Authoritarian states punch above their weight for a simple reason: they try harder. They make the search for Olympic success into a kind of industrial policy. The exact extent of China’s investment in its Olympic athletes is not known. Russia reportedly spent at least $25 million to support its Olympic athletes ahead of the 2018 Winter Games, a sum devoted to maintain elite training facilities, pay stipends for coaches, physicians, and elite athletes, and finance athletes’ travel and training abroad. Chinese and Russian investments in winning are not just financial. China mimics the old Soviet model with its state-run system, which removes children from their homes and places them in schools that subject them to intense training and pressure to excel from a young age. The state directs children into sports in which China is deficient or in which it already boasts a competitive edge.
These countries’ intense drive to win has at times pushed them over the edge. Both China and Russia have faced credible charges of cheating. China has been accused of engaging in state-sponsored doping in the 1980s and 1990s and, more recently, of lying about its athletes’ ages. Russia’s antidoping agency has been accused for decades of selling banned substances to athletes, of using tip-offs, false names, and false urine samples to help athletes avoid getting caught for doping, and of covering up positive drug tests. The sheer scale and pervasiveness of doping in the Russian athletic system forced the International Olympic Committee to ban Russia from competing in the Tokyo Summer Olympics this year.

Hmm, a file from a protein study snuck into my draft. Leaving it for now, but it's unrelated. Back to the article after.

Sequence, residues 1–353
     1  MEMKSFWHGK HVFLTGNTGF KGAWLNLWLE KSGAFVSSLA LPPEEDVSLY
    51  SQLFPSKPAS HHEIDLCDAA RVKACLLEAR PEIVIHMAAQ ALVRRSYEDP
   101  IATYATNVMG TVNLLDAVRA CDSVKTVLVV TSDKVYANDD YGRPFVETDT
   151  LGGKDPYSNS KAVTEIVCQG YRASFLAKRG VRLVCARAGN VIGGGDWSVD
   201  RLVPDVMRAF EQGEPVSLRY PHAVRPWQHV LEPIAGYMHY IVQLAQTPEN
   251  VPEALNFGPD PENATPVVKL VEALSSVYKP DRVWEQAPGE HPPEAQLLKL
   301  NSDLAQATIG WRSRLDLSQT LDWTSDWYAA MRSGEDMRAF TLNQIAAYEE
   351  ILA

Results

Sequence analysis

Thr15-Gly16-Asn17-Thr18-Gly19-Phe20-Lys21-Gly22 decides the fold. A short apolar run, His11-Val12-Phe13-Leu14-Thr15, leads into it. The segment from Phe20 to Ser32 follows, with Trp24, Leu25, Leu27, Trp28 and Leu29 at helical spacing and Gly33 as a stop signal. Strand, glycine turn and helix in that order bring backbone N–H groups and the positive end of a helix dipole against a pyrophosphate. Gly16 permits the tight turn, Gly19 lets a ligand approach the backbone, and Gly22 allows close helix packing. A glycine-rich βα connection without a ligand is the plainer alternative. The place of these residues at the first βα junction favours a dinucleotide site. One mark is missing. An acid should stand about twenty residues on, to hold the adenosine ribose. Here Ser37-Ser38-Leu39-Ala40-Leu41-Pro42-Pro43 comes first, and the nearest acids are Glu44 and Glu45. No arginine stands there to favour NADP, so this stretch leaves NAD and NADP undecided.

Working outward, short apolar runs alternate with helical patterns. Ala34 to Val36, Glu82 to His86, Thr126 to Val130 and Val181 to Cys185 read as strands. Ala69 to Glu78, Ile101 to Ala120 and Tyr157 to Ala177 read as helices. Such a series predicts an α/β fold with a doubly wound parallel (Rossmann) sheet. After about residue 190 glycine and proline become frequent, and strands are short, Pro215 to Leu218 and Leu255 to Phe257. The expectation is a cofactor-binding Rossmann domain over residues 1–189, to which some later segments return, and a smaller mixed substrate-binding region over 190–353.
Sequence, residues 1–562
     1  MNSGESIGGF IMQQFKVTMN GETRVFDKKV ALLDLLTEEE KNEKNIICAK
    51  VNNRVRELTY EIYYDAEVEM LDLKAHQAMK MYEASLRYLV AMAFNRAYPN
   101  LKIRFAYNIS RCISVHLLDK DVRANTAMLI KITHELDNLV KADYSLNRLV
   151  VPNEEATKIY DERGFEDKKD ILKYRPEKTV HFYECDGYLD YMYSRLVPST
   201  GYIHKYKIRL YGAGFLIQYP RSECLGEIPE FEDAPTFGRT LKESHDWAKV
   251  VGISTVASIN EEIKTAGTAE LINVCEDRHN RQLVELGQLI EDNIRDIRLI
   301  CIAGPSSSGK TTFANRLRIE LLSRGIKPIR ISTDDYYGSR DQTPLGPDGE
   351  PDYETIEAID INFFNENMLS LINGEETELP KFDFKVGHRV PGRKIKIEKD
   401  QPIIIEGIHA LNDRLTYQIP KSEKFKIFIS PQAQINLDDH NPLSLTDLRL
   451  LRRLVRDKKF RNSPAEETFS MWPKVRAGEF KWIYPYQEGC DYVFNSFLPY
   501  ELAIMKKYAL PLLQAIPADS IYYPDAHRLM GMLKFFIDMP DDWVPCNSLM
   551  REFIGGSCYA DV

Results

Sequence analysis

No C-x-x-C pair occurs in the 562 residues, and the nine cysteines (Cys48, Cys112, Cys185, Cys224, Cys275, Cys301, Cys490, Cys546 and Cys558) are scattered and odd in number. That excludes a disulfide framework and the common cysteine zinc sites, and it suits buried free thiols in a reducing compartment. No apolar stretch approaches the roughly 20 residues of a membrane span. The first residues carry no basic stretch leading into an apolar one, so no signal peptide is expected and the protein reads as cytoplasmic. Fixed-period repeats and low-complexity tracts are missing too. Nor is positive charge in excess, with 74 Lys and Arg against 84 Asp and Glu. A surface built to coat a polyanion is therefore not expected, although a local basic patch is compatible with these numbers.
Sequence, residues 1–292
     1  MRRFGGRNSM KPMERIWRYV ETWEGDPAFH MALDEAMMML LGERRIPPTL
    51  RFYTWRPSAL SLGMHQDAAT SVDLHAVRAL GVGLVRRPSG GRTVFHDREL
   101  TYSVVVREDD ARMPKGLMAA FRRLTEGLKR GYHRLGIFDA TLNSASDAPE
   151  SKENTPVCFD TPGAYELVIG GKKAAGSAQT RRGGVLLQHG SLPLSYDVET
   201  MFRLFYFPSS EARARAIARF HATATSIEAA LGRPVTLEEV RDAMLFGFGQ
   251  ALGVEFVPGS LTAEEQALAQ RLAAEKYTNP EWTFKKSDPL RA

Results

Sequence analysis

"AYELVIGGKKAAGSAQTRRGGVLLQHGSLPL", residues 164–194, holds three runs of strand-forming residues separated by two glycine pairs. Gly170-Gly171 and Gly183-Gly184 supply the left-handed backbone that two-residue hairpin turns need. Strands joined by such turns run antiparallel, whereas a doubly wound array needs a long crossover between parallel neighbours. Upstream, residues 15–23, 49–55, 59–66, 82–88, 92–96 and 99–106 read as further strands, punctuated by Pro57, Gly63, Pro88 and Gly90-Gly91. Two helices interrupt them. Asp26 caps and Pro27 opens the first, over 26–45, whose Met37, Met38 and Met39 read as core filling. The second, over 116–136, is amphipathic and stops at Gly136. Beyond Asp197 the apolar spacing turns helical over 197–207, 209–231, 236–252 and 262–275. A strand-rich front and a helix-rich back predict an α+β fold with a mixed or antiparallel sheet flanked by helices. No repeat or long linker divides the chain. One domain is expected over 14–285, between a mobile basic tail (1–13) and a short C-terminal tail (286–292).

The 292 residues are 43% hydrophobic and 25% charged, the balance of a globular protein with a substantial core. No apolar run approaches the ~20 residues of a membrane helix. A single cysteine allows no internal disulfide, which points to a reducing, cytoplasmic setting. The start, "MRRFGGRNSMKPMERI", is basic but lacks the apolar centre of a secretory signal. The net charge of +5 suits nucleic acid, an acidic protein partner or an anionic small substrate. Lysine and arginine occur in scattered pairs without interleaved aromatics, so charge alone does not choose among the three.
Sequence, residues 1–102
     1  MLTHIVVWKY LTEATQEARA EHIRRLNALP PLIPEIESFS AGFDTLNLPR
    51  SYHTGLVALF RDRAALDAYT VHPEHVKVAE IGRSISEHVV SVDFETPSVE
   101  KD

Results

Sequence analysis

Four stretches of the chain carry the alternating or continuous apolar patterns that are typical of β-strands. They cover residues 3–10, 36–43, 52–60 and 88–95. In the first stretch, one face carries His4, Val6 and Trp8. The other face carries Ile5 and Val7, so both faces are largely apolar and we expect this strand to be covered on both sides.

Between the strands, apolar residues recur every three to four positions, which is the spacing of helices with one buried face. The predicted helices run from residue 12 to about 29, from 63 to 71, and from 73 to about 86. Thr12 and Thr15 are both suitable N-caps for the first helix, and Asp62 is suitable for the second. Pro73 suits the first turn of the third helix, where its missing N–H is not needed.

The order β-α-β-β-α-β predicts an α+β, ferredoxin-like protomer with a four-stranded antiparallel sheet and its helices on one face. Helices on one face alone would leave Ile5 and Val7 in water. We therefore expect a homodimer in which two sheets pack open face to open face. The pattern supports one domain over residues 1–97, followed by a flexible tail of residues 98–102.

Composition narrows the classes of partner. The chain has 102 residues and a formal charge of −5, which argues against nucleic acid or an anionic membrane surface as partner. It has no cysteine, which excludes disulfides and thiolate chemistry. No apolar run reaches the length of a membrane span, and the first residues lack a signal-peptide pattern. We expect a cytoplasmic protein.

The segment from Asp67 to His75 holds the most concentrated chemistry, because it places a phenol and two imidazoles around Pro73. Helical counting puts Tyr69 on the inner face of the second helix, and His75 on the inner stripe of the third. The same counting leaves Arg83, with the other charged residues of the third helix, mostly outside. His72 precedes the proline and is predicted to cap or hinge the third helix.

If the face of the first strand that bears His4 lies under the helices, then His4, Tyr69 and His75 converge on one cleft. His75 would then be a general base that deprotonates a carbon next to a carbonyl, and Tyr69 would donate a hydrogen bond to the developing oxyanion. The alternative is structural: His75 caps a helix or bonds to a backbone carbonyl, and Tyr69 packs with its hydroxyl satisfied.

Unlike many democracies, authoritarian states care a lot about the Olympics.
The U.S. approach to athletic competition strikes a profound contrast to the top-down determination of its authoritarian counterparts. The United States has not invested in Olympic success and international sports to nearly the same degree as have China and Russia. It does not provide public funding for the U.S. Olympic and Paralympic Committee, leaving much of the financing of its athletes to the private sector. The most significant way that it contributes to the success of its elite athletes is through the federal funding of universities, which have trained more than a thousand U.S. Olympians since the beginning of the Games. The United States may have been more driven to win during the Cold War period, when it poured money into its universities in order to compete with the Soviet Union. But that funding has shrunk. Today, the U.S. Olympic and Paralympic Committee offers fairly modest prizes to athletes who win medals: for gold at the upcoming Tokyo Olympic Games, U.S. athletes will receive $37,500, a figure that is as little as a third of what the Russian government has paid its athletes in recent Olympics and a drop in the bucket compared with the $1 million Singapore offered its athletes at the Olympics in Pyeongchang, South Korea, in 2018. The cash prizes that China typically awards its athletes are not all that different from those doled out in the United States. But in China, Russia, and other authoritarian states, successful athletes often receive jobs, apartments, and luxury cars from their governments on top of cash prizes.